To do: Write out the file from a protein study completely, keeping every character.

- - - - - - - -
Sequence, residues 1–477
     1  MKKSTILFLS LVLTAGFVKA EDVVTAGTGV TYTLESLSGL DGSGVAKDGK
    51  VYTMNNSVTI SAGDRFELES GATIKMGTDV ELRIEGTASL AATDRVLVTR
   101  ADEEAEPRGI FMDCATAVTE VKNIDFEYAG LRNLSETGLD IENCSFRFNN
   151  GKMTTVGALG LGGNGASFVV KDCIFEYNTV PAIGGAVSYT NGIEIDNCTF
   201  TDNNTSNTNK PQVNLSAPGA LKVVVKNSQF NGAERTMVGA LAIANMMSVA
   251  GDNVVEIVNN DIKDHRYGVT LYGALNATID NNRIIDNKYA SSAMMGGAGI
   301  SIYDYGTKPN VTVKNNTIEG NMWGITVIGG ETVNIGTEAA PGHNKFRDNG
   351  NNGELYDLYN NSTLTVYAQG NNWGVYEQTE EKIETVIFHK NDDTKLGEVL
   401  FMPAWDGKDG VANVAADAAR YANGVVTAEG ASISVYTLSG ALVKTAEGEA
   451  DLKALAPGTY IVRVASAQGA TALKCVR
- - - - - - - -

Sequence, residues 1–477
     1  MKKSTILFLS LVLTAGFVKA EDVVTAGTGV TYTLESLSGL DGSGVAKDGK
    51  VYTMNNSVTI SAGDRFELES GATIKMGTDV ELRIEGTASL AATDRVLVTR
   101  ADEEAEPRGI FMDCATAVTE VKNIDFEYAG LRNLSETGLD IENCSFRFNN
   151  GKMTTVGALG LGGNGASFVV KDCIFEYNTV PAIGGAVSYT NGIEIDNCTF
   201  TDNNTSNTNK PQVNLSAPGA LKVVVKNSQF NGAERTMVGA LAIANMMSVA
   251  GDNVVEIVNN DIKDHRYGVT LYGALNATID NNRIIDNKYA SSAMMGGAGI
   301  SIYDYGTKPN VTVKNNTIEG NMWGITVIGG ETVNIGTEAA PGHNKFRDNG
   351  NNGELYDLYN NSTLTVYAQG NNWGVYEQTE EKIETVIFHK NDDTKLGEVL
   401  FMPAWDGKDG VANVAADAAR YANGVVTAEG ASISVYTLSG ALVKTAEGEA
   451  DLKALAPGTY IVRVASAQGA TALKCVR